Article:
• The term “Gothic” was first used as a term of ridicule to describe late medieval art and architecture. During this time some believed that the Gothic period was “monstrous and barbarous.” This period had a focus on architecture and decorating cathedrals. New elements of architecture were introduced such as flying buttresses, stained glass, and lancet windows. This period was a time of prosperity as well as hardship for Europe. The Hundred Year’s War and the Great Plague were during this period. The turmoil of this period can be spotted in some art such as relics.
  • Examples: Notre-Dame, archivoltes, door jambs, stained glass, rose windows, manuscripts, relics (use as comparison: Virgin of Jeanne d’Evreux and Virgin with the Dead Christ), alters,


1200 – 1400: Early Renaissance

  • Early Renaissance is a period that was mainly developed in Florence, Italy during the 15th century. It is characterized by the development of linear perspective, chiaroscuro (the treatment of light and shadow in drawing and painting), and geometrically based compositions.
  • Examples: reliefs, Florence Cathedral, paintings of Virgin and Child
  • Artists to know: Cimabue, Giotto, Duccio


1375 – 1500: Flemish

  • Flemish art is characterized by idealism and experimentation with perspective. Technically, Flanders was a county in the Netherlands, a country that consisted of what is Belgium and the Netherlands, Luxembourg, and part of Northern France. However, during the 15th century the term “Flanders” also referred to a bordering territory. 
  • Examples: altarpieces (Ghent Altarpiece), portraits
  • Artists to know: Van Eyck, Van Der Weyden, Bouts, Hieronymus Bosch!!!!


1420 – 1500: 15th Century Italian Art 

  • 15th Century Art is characterized by the spread of humanism, which had an emphasis on education, individual potential, and a commitment to civic responsibility. Improvement was encouraged, and excellence and was rewarded with fame and honor. Many pieces are ornate with brilliant color and gilding.
  • Examples: Medici family patronage, structural accuracy, alterpieces
  • Artists to know: Lorenzo Ghiberti, Donatello (sculptor), Massacio, Brunelleschi (architecture), Botticelli


1500 – 1600: High Renaissance 

  • The High Renaissance is characterized by paintings in Florence and Rome. These painting are known for technical mastery and heroic composition and humanistic content. During this period man Popes started to commission art for the Sistine Chapel and Vatican City.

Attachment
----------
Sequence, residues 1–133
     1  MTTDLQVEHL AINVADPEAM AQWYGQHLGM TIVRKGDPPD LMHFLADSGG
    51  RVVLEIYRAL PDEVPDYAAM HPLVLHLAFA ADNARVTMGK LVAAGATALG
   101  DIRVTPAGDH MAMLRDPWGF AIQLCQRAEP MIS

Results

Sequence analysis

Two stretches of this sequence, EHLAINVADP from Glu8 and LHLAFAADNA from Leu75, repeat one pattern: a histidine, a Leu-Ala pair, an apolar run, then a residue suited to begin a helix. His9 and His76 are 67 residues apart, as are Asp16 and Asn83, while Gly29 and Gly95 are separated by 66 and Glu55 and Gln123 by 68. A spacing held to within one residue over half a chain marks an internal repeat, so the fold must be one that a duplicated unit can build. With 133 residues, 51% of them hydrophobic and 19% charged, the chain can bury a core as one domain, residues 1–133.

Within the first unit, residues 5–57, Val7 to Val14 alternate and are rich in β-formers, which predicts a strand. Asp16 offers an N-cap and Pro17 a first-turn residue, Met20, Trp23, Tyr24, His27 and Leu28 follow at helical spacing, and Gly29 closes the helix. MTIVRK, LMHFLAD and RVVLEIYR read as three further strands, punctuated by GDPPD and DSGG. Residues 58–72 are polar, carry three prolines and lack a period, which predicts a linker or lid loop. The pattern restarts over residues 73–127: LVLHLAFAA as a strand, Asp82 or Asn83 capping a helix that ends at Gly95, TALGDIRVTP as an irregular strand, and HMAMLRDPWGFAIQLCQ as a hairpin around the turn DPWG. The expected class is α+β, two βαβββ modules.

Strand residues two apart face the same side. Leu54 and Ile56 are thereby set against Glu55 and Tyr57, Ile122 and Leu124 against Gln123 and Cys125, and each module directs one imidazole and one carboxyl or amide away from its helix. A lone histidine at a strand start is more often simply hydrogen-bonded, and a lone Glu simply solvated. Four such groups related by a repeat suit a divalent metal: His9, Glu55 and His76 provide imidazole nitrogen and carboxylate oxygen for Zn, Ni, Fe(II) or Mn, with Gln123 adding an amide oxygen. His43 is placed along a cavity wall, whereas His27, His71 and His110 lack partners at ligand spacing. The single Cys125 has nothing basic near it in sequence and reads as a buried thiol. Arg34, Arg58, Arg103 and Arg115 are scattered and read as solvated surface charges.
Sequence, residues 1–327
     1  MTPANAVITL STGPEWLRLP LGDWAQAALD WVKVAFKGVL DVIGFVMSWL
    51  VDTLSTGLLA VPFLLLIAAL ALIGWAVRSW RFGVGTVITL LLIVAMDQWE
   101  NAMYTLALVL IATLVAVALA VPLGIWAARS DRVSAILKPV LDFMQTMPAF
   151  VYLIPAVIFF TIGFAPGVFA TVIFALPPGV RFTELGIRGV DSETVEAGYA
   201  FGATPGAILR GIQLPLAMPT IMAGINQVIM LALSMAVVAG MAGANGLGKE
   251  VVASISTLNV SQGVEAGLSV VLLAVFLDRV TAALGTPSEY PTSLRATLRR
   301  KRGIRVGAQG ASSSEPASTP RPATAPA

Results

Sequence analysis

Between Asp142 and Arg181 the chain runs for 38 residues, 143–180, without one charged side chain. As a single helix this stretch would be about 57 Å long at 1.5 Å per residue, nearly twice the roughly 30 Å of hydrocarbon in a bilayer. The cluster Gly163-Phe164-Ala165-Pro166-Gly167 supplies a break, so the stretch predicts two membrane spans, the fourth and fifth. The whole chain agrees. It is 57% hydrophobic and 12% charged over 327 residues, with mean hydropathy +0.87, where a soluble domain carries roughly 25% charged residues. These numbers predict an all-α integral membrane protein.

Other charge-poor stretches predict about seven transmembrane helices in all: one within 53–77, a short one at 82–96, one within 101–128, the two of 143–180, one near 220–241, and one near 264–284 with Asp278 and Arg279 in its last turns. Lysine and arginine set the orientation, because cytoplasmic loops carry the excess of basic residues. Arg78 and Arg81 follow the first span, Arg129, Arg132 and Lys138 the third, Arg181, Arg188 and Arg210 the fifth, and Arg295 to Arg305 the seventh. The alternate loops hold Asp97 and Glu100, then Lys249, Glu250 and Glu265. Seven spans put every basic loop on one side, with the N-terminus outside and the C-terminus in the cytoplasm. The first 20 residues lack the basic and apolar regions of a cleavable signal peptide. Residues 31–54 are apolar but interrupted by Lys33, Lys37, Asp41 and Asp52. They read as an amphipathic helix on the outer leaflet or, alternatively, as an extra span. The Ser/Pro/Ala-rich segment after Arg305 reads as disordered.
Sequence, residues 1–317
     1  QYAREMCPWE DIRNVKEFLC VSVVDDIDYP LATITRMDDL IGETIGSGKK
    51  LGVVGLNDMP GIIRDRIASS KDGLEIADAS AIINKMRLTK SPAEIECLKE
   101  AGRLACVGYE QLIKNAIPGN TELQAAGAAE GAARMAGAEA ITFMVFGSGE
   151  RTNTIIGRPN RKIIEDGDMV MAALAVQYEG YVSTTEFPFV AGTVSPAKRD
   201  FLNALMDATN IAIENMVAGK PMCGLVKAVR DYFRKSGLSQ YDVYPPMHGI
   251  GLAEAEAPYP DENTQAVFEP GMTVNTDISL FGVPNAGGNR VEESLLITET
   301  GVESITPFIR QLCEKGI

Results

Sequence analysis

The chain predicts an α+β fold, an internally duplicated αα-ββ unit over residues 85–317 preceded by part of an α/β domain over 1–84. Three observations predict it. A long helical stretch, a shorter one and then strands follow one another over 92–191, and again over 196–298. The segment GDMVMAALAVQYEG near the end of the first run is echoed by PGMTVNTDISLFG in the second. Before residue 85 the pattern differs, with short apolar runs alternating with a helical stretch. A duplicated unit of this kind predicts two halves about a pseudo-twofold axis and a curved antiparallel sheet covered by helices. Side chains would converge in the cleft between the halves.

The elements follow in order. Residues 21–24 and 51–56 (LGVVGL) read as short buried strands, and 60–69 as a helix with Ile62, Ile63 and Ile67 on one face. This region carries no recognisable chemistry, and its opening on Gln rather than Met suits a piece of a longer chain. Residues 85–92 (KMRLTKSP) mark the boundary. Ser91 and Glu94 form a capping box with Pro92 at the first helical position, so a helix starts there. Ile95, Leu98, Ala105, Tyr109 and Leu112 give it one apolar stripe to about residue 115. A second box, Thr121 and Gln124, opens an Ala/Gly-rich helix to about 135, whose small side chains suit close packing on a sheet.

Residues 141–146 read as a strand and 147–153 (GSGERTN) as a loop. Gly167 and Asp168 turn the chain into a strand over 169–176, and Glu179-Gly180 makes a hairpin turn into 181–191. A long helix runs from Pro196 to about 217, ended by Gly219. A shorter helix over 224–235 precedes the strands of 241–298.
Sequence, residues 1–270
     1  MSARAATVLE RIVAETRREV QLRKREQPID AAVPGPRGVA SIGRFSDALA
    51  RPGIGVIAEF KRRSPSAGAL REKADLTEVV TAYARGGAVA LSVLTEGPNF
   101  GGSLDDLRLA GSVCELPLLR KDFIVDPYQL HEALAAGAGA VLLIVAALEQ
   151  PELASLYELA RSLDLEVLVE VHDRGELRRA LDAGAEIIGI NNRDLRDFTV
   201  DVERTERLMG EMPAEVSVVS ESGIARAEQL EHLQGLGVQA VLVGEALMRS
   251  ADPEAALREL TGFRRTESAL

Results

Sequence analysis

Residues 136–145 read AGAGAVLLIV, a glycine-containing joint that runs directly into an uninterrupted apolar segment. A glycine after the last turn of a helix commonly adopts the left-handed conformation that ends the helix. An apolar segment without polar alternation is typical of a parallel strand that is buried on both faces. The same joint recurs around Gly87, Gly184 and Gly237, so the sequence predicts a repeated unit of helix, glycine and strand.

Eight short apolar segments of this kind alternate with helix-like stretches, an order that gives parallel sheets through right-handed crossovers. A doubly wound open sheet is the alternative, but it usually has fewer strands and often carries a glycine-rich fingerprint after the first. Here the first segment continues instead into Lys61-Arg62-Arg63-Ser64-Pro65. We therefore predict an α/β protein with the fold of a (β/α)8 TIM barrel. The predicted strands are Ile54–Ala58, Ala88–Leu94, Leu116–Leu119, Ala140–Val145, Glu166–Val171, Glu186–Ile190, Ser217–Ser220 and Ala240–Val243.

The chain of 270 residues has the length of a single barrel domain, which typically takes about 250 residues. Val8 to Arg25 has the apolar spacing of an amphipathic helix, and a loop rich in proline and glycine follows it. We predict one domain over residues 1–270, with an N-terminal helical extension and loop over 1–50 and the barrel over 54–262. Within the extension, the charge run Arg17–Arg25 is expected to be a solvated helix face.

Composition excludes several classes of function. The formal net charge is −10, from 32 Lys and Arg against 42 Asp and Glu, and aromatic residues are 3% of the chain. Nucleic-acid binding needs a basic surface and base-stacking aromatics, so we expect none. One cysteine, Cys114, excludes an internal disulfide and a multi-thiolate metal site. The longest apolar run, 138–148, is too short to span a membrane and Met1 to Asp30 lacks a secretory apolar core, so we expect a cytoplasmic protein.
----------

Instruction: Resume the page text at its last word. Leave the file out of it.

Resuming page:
• Examples: Mona Lisa, ceiling of the Sistine Chapel, oil painting
  • Artists to know: Da Vinci, Michelangelo, Raphael


1475 – 1600: Reformation 

  • The Reformation was a movement that established the Protestant Church, separating them from the Catholic Church. In response the Catholic Church launched the Counter-Reformations. Ultimately, the Reformation split Christendom in half and produced a hundred year civil war between the two groups. Protestants focused on subtly religious themes in their art.
  • Examples: altarpieces, oil paintings
  • Artists to know: Dürer, Bruegel


1600 – 1750: Baroque

  • The Baroque period is a style of European architecture and art of the 17th and 18th centuries that followed mannerism and is characterized by ornate detail.
  • Examples: ornate ceilings, oil portraits, landscapes, still life’s
  • Artists to know: Bernini, Caravaggio, Vermeer, Ruben, Rembrandt


1750 – 1851: Late 18th through the Mid-19th Century 

  • This period encompasses many sub periods including Rocco, the Enlightenment, Neo Classism, Romanticism. This period also marked the first attempts at photography.
  • Examples: oil paintings, etching, detailed rooms
  • Artists to know: Jacques-Louis David, Goya, Turner


1850 – 1905: Modernism

  • Modernism was a style that aimed to break from classical traditions. Sub periods connected to Modernism are Realism, Impressionism, Post-Impressionism and many more.
  • Examples: paintings, bronze sculpture, interior decorating
  • Artists to know: Van Gogh, Monet, Manet, Homer, Seurat, Cézanne, Munch, Klimt


1900 – 1940: Expressionism 

  • Expressionism is a style of painting in which the artist seeks to express emotional experience rather than impressions of the external world. This period also encompassed Fauvism, Cubism, Futurism, Dadaism, Surrealism and many more isms.
  • Examples: paintings, unique and simple sculptures, collage, more advanced architecture 
  •  Artists to know: Matisse, Picasso, Boccioni, Dali,  Miró, Mondrian 


1945- Present: Contemporary

  • Contemporary art is art produced at the present period in time. Contemporary art includes, and develops from, Modern art and Postmodern art. 
  • Examples: performance art, organic architecture, sky scrapers, abstract paintings
  • Artists to know: Andy Warhol, Pollock, Rothko, Frank Lloyd Wright